Kejriwal's shock resignation part of 'bigger strategy'
NEW DELHI (AFP) - Firebrand anti-corruption champion Arvind Kejriwal was clearing his desk on Saturday after quitting as Delhi's chief minister in a move that leaves him clear to lead his party into battle in a looming general election.
Only 49 days after his upstart Aam Aadmi ("Common Man") Party took power in the capital, Mr Kejriwal resigned on Friday night when the country's two main parties combined to thwart his efforts to bring in a new anti-corruption Bill.
Mr Kejriwal, whose stunning breakthrough in the Delhi state elections in December highlighted public anger towards the political establishment, launched a blistering assault on Prime Minister Manmohan Singh's Congress party and the Bharatiya Janata Party (BJP) in his resignation speech.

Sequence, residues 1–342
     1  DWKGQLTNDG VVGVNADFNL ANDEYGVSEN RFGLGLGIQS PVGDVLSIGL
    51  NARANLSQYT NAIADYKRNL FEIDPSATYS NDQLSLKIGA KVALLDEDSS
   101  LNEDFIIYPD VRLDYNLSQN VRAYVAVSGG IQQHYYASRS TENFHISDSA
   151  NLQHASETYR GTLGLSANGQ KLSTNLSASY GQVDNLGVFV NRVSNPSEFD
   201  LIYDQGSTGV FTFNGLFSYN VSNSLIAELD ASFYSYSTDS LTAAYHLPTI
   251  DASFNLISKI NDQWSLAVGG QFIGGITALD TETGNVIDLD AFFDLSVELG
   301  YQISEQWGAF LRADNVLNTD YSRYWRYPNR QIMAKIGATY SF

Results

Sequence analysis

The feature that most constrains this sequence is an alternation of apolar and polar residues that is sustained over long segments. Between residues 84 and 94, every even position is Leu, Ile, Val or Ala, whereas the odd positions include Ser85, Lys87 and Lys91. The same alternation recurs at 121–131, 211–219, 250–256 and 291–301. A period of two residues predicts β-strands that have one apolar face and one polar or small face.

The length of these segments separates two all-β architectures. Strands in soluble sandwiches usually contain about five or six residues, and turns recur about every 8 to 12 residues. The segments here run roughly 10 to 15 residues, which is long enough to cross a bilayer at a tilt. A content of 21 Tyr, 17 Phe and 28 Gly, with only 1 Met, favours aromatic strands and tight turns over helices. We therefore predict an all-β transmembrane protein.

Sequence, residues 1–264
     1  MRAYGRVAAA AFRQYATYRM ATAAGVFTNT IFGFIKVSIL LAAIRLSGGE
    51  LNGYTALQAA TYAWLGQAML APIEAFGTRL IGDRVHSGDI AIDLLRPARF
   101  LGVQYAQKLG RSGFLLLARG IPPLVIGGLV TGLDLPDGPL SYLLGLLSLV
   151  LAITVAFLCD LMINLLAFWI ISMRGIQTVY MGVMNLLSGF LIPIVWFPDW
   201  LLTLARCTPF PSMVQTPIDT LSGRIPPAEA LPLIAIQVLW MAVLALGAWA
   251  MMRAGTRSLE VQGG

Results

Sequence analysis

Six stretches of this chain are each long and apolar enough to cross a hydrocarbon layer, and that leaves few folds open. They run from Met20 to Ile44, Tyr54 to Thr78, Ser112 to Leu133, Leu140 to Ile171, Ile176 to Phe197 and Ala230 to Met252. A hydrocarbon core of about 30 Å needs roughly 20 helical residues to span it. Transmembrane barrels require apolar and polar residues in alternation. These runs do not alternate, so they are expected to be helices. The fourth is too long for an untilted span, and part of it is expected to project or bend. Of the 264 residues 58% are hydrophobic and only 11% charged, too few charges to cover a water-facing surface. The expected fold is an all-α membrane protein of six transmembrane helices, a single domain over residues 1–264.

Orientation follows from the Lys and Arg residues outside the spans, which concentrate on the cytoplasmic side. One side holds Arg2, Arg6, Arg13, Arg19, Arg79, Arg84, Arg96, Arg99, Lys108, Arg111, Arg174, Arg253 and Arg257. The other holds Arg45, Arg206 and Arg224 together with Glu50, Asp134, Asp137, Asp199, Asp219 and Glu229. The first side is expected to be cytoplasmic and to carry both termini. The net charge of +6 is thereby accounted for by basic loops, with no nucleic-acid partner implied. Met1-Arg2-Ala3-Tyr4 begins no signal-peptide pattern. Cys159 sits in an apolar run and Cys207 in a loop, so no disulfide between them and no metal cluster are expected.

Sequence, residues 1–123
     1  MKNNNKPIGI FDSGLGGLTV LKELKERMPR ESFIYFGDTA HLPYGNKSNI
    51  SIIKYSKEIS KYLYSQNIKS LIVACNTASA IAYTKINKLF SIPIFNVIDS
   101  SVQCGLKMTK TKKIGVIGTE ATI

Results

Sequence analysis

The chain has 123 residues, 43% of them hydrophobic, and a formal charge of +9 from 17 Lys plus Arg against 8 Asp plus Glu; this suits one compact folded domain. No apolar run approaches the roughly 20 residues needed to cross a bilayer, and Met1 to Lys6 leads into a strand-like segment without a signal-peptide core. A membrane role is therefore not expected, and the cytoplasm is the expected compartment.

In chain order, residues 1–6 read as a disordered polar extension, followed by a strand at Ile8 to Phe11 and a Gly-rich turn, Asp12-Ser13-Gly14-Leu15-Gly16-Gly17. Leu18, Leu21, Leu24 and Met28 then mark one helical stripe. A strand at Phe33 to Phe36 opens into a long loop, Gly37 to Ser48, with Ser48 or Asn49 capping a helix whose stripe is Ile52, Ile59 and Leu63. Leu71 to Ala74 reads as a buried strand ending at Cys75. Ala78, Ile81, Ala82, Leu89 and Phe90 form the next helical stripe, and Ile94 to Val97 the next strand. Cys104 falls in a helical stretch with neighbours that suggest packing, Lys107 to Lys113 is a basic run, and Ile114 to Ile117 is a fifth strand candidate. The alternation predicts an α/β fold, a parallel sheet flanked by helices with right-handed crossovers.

Newspapers said his decision to quit so soon after taking power appeared part of a wider strategy which would free him to lead his party's campaign in a general election due by May.